On October 13, 2011, the SEC’s Division of Corporation Finance issued “CF Disclosure Guidance: Topic No.2, Cybersecurity,” addressing disclosure obligations relating to cybersecurity risks and cyber incidents. Pursuant to the Securities Act of 1933 and the Securities Exchange Act of 1934, publicly-owned companies are required to provide timely, comprehensive and accurate information about risks and events that a reasonable investor would consider important to an investment decision. In light of the increased use of digital technologies in commerce and recent high-profile data breach and cybersecurity related events, the SEC decided to provide guidance regarding what, if any, disclosures should be provided about cybersecurity matters in light of a company’s specific facts and circumstances.
Negative Effects of Cyber Attack
The negative effects of a cyber attack were outlined by the SEC as:
- Remediation costs including liability for stolen assets or information, and repairing system damage. Remediation costs would include incentives offered to customers to maintain the business relationship after the attack.
- Increased cybersecurity protection costs including organizational changes, deploying additional personnel and protection technologies, training employees and engaging third party experts and consultants.
- Lost revenues resulting from unauthorized use of proprietary information or the failure to attract customers following an attack.
- Litigation and reputational damage affecting customer or investor confidence.
Depending on a particular company’s facts and circumstances, and to the extent such facts and circumstances were material, the SEC indicated that appropriate disclosures might include:
- Discussion of the company’s business or operations that give rise to material cybersecurity risks and the potential costs and consequences.
- To the extent the company outsources functions that have material cybersecurity risks, descriptions of those functions and how the company addresses those risks.
- Description of cyber incidents experienced by the company that are individually or in the aggregate, material, including a description of the costs and consequences.
- Risks related to cyber incidents that may remain undetected for an extended period.
- Description of relevant insurance coverage.
The SEC indicated that disclosures should be made in the Management’s Discussion and Analysis of Financial Condition and Results of Operations (MD&A) “…if costs or other consequences associated with one or more known incidents or the risk of potential incidents represent a material event, trend, or uncertainty that is reasonably likely to have a material effect on the registrant’s results of operations, liquidity, or financial condition or would cause reported financial information not to be necessarily indicative of future operating results or financial condition.”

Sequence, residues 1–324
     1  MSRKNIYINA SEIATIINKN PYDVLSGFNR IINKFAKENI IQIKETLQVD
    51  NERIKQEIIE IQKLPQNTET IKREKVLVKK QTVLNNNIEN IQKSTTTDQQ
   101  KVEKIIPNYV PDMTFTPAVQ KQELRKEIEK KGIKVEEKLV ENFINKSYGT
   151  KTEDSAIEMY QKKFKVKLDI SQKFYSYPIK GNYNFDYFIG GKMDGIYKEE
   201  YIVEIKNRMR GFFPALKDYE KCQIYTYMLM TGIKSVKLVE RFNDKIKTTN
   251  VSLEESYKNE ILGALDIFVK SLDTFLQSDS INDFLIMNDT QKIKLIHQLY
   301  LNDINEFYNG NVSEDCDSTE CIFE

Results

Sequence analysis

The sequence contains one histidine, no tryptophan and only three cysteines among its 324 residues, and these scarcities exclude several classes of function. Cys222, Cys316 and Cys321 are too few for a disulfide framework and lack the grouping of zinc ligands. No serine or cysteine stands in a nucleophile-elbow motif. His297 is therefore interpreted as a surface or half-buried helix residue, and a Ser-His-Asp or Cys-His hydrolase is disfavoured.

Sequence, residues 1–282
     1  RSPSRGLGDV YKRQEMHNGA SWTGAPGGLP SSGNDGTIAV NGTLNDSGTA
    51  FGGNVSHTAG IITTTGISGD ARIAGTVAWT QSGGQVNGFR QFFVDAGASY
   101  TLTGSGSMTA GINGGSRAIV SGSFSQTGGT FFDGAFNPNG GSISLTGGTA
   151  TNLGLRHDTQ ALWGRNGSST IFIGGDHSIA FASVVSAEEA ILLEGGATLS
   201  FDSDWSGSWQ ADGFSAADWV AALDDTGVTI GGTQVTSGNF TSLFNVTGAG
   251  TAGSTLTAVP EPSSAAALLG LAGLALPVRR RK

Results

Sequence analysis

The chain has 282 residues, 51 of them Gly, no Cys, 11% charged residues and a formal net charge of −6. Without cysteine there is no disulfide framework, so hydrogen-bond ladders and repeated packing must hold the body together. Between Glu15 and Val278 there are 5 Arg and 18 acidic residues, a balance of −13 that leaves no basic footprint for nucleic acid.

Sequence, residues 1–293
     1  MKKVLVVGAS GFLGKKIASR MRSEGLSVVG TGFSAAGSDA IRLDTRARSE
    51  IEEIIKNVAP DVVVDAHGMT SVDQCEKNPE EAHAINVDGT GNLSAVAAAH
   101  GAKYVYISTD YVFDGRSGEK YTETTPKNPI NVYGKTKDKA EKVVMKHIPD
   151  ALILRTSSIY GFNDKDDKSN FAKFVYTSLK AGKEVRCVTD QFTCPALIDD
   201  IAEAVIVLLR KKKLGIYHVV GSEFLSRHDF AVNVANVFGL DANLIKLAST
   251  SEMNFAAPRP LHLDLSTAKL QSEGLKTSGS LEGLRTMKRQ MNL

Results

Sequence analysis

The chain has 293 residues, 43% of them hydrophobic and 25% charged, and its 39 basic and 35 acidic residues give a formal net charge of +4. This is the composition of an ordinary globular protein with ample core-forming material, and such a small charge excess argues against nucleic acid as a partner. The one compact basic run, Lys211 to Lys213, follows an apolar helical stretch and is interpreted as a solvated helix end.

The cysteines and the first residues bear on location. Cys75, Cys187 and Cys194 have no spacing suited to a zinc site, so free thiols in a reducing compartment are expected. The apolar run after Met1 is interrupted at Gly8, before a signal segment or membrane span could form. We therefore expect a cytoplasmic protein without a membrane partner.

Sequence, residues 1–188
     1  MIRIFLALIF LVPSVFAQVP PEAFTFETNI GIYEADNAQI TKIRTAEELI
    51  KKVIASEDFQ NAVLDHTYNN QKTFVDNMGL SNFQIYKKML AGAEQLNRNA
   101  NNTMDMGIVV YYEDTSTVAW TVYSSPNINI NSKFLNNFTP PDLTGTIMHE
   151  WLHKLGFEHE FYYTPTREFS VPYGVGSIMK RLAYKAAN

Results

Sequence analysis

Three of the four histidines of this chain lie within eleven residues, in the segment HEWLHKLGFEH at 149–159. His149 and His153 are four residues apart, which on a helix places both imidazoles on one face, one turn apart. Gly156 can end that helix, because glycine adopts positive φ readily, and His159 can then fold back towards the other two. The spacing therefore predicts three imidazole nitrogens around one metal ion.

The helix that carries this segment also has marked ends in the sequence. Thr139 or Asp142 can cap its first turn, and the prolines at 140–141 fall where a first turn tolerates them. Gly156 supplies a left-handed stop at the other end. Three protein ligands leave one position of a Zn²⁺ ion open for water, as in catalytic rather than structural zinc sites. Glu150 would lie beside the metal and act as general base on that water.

Companies will also need to indicate in a Description of Business disclosure if “…one or more cyber incidents materially affect a registrant’s products, services, relationships with customers or suppliers, or competitive conditions,” or in the Legal Proceeding disclosure if a cyber incident is involved in a material pending legal proceeding to which a registrant or any of its subsidiaries is a party.
The SEC was mindful that the disclosure of such information might itself increase the risk that a company might provide a roadmap for those who seek to infiltrate a company’s network security and target it for a cyber attack, and indicated that, “[w]hile registrants should provide disclosure tailored to their particular circumstances and avoid generic “boilerplate” disclosure, we reiterate that the federal securities laws do not require disclosure that itself would compromise a registrant’s cybersecurity.”
What Should a Company Do?
To comply with the regulation S-K Item 503(c) requirements for cybersecurity risk factor disclosures, companies will need to evaluate how their internal data security policies and procedures address the particular cybersecurity risks that they face. Companies will need to disclose material past cybersecurity incidents, future risks and any foreseeable consequences resulting from a cybersecurity breach. Recent EDGAR filings with the SEC illuminate how public companies have begun to make cybersecurity disclosures. Below is a short excerpt derived from the BNA Securities Regulation & Law Report of 10-K cybersecurity disclosures made by selected companies in various industries.
Source: BNA Securities Regulation and Law Report, Vol. 43, No. 41; Pg. 2081-2136, October 17, 20111
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